The brutally cold weather up and down the East Coast and throughout much of the South has not led to any appreciable drawdown in natural gas levels, at least for the time being. On the contrary, gas inventories have exceeded their five-year average for the first time since 2013, according to the Energy Information Administration. The market remains well supplied and therefore prices should not be expected to rise much anytime soon.
As for crude oil, weekly stocks are at 425 million barrels. That is up 8 million barrels from the prior week and 63 million barrels (17%) above the same time last year. Production is still very high despite the price crash, which is quite interesting. Domestic output is 9.2 million barrels per day and that is about 1.1 million (13.5%) above the same time last year. Again, that's even with the price crash. In other words, we have seen no appreciable pullback in domestic production. Let me restate that: We have seen no pullback at all.
On the other hand, crude oil imports are falling. That's bad news for foreign exporters like Saudi Arabia and the rest of the Organization of Petroleum Exporting Countries (OPEC), for example. The more you look at the situation, the more it seems like the Saudis have lost control of oil pricing power to U.S. producers. The Americans have now become the "swing producers" or, price setters at the margin, and show no signs of wanting to push prices back up.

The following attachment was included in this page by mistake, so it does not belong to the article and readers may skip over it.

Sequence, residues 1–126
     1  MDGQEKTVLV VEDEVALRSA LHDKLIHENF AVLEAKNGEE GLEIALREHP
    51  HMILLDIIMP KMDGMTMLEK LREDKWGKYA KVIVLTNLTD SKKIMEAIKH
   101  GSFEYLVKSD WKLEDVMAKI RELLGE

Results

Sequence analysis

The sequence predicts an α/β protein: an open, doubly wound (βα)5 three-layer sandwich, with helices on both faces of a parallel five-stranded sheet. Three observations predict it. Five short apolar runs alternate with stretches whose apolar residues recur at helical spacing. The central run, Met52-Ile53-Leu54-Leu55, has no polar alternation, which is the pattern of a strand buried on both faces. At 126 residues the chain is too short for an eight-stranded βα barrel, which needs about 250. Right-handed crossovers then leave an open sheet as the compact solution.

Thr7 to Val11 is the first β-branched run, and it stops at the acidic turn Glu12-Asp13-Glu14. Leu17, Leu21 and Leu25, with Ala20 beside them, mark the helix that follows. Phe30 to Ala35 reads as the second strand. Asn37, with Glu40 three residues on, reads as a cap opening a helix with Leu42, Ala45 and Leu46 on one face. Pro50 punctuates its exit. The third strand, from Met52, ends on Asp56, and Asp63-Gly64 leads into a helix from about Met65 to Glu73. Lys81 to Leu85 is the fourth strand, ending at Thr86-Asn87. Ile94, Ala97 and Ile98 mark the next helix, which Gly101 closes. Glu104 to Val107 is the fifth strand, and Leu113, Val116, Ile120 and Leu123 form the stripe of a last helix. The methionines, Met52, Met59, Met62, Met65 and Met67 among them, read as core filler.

Gasoline prices were up for the third straight week to an average $2.27 for regular unleaded in the U.S. That was about 8 cents higher than the prior week and a rise of about 23 cents overall in the past three weeks. Despite this, prices remain well over a dollar below where they were a year ago. Reformulated gas prices are about 30 cents per gallon above where they were three weeks ago, but are also more than one dollar below levels from a year ago.
Total gasoline stocks are about 10 million barrels above last year and exceed their five-year range. Moreover, as with crude oil, domestic production is strong. The four-week average of finished gasoline production is 9.04 million barrels per day, which is about 140 thousand barrels per day greater than the same time last year, so as with crude, the market is well supplied.
Domestic gasoline demand has moderated some. Consumption dropped to 8.8 million barrels per day from the peak of 9.6 million bpd back in the week ending Dec. 26. However, current demand is still about 800 thousand barrels per day above last year, suggesting that the economy remains strong.
All the numbers continue to suggest the same thing: that oil prices will continue to trend lower barring anything unforeseen. The Saudis have lost control of price setting and U.S. output does not appear to be affected by the price drop, at least for the time being. Demand remains strong enough to keep producers pumping, but not strong enough to draw down stocks appreciably. That's a sweet spot for consumers, who should continue to reap the benefits at the pump.
Even those last three weeks' gains should start to come off very soon. I am told that some of that price increase was due to refinery outages and the changeover from winter time gas to warmer weather gas, which normally forces refinery retooling and changes.